Here is another example, where the retracement is still at the 61.8% level and at the 50% level.
After the price retracts down to the Fibonacci level, it reverses and moves back again and continues in the trend direction. As you can see from the two examples, there could be differences in the retracement level for different types of assets.
Therefore, when you use the indicator, you will be on a quest to look for a Fibonacci pattern in the price reversals and identify potential retracements based on the plotted levels.
Advantages of the Fibonacci retracement indicator
- It’s a simple trading tool when it comes to setting it up on your chart
- The levels are static (compared to the moving average indicator, for example), so traders will wait for the price to reach the predefined levels and act accordingly
- It’s applicable to most assets
- You can confirm market movement by identifying the Fibonacci retracement support and resistance levels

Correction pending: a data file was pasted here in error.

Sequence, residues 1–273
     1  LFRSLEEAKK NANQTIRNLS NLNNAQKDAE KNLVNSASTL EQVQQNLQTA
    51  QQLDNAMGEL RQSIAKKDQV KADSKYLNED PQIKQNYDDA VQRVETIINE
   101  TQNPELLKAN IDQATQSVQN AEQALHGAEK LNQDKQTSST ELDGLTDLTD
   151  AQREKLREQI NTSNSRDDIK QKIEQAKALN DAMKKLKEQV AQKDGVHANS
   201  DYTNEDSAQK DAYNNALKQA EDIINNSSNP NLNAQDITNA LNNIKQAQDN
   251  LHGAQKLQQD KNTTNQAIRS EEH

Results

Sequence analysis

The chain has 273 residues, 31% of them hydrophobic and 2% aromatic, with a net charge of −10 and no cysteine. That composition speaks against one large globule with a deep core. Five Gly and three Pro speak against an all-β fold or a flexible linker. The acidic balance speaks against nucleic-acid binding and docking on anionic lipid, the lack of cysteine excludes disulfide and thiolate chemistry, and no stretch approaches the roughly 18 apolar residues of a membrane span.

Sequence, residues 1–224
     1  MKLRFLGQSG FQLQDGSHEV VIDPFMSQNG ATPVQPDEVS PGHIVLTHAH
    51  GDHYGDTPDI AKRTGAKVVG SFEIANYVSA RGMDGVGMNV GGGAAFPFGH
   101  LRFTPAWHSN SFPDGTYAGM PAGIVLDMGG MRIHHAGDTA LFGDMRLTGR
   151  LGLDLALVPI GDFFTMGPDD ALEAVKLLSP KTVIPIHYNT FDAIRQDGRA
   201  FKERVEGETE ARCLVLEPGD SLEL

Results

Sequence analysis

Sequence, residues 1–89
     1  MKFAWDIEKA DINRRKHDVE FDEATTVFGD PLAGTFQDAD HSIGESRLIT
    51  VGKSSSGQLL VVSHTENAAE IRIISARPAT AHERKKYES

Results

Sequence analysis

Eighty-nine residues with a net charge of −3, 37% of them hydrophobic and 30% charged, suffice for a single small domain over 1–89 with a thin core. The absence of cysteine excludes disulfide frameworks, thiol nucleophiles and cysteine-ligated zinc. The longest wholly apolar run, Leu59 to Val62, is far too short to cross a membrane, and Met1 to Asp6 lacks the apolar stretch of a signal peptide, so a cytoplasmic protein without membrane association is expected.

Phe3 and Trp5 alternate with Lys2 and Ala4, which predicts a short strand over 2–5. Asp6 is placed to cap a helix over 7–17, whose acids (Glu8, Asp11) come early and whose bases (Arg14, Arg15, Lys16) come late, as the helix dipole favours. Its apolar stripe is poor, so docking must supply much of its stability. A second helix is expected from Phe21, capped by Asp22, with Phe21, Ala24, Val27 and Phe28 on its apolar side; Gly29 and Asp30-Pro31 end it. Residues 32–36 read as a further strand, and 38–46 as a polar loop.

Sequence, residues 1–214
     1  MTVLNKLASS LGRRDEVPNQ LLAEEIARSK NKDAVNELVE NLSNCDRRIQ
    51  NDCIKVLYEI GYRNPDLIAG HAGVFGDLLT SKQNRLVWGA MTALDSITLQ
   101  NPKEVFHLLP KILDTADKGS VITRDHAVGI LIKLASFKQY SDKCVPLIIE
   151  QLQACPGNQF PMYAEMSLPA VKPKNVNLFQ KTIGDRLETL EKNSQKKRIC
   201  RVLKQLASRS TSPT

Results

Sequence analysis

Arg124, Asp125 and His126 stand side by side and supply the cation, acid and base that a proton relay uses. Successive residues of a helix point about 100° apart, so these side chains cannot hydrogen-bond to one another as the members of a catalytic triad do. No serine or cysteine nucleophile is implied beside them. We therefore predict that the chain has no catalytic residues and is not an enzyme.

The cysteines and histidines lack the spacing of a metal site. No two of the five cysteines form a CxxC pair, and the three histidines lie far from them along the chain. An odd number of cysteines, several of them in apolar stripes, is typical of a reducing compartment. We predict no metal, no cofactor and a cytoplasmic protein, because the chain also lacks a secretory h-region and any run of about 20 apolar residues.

- It offers the possibility for the anticipation of a buy or sell points.
Disadvantages of the Fibonacci retracement indicator
- Fibonacci levels are subjective
- Although it is simple to use from a technical point of view, it may require a certain level of knowledge when you need to distinguish between a temporary retracement and an extended reversal
- Fibonacci retracement is used by many traders, thus, it can be thought of as a self-fulfilling prophecy. Many traders may take action around the same price levels, pressuring the price movement in the same direction.